Marlon James won the 2015 Man Booker Prize for A Brief History of Seven Killings. His next venture is an ambitious fantasy trilogy, Dark Star, of which Black Leopard, Red Wolf is the first instalment.
At 620 pages it’s a big book, but also one of the bravest and boldest pieces of contemporary fiction I’ve read in years. I first encountered James’ striking, uncompromising voice with Seven Killings and this same, often abrasive directness turbo-powers his new “literary fantasy” without a single lapse in energy or nerve.
In a mythical Africa, populated by gods and demi-gods, by witches, monsters and shape-shifters, where the North and South Kingdoms have been at war for centuries, and the age of gods has now become the age of kings, we meet Tracker, who is said “to have a nose”. (He is being questioned by “the Inquisitor” and we will have to wait till the end of the book to find out why, exactly.) From here, the events in the ensuing six sections of the book are recounted.
First, Tracker recalls his childhood in Ku. Discovering that the man he thought was his grandfather is actually his father, and that the entire dynamic of his family is not as he thought, he leaves home. In Gangatom he meets the Leopard, a shape-shifter, sometimes known as Kwesi. They become friends and together rescue a group of discarded “deformed” children, the Mingi. These children, which include Smoke Girl, a blue ghost child who sits on Tracker’s shoulder, a pair of conjoined twins, a limbless boy, an albino, and a long-legged boy known as Giraffe Boy, will remain in Tracker’s heart and mind long after he has left this kingdom and become a man (and lover of “comely men”).
Years later, having established his career as finder of lost children and husbands (due to his brilliant nose), he again meets the Leopard, who requests the Tracker’s services in helping to find a stolen child, supposedly that of an important Elder, Basu Fumanguru. What unfolds next is a magnificent, action-packed saga, as Tracker, true to his wolf-like instincts and sense of smell, uncovers the many layers of lies in his new undertaking. Without giving too much away here, Tracker, the Leopard and their fellowship of hunters (which includes a giant, a witch and a demi-god) find themselves in dark, enchanted forests, passing through time portals, encountering vampires and flesh-eating monsters and all manner of fantastic beasts, until finally, the true diabolical nature of their quest comes to light. As with all such quest stories, en route we learn many back-stories and histories, including the tale of how Tracker got his one wolf eye, and there is love and tenderness, too, in what are some of the most beautiful and moving passages in the book.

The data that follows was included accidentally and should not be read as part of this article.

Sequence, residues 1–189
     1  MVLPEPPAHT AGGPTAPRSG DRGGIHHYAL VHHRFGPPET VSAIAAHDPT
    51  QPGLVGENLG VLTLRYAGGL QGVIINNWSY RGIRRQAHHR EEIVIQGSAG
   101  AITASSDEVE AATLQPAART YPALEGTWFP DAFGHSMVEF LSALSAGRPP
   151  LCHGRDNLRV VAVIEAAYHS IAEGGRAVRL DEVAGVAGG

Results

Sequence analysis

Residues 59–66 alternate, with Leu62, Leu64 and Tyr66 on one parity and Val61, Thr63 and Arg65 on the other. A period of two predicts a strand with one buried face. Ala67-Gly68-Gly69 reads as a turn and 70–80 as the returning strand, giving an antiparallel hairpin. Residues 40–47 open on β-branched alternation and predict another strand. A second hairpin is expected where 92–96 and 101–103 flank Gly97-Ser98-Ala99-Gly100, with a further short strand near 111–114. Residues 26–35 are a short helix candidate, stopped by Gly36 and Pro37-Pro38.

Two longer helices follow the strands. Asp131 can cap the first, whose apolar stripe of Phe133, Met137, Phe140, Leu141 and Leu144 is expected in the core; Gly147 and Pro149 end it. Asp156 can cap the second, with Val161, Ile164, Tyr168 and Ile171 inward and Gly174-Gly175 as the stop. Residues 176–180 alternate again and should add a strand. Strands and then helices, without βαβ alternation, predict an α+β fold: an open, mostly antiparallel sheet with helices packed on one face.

The novel, which comes with detailed maps and geographical descriptions, is structured into six mostly linear sections (there is some back-tracking), and while traces of Tolkien, Angela Carter, George RR Martin’s Game of Thrones are clear enough here, there are also other literary influences at work. With “the ten and nine doors”, time-portals effectively, I was reminded of CS Lewis’s Narnia (though this is a very dark Narnia). And there’s a nod, too, to Ulysses: Chapter Six is written partly as a play and in Chapter Nineteen the text is unpunctuated for several pages. And, as in the work of CS Lewis, despite the absolutely pitiless world the novel thrusts us into, there is a deeply moral centre to the piece, a guide, which comes from Tracker’s own dark and tortured heart, which seems to say that despite the evil that abounds, innocence is a thing worth fighting for and protecting, else we are doomed.
Albert Camus said “a man without ethics is a wild beast loosed upon this world”. Such is the dilemma of Tracker, until he is tested, and finds he is not entirely the brothel-frequenting loveless vagabond he thought he was. He is much better. In Tracker we are presented with a wholly relatable and sympathetic character, a magnificent creation, who I hope will go on to feature in subsequent instalments. I also enjoyed the supporting characters of this book, especially Leopard, Sadogo the giant and Mossi the Prefect.
As with James’s previous novels, the prose is remarkable. Sentences like “The sky was gray and fat with waiting rain” and “She came out of the trees as if out of the trees she sprung”, with their distilled quality and tight rhythms, abound in this wild fantastical tale. Neil Gaiman states that “Black Leopard, Red Wolf is the kind of novel I never realised I was missing” and this will undoubtedly be the opinion of the book’s hopefully wide audience. I look forward to books two and three in the series..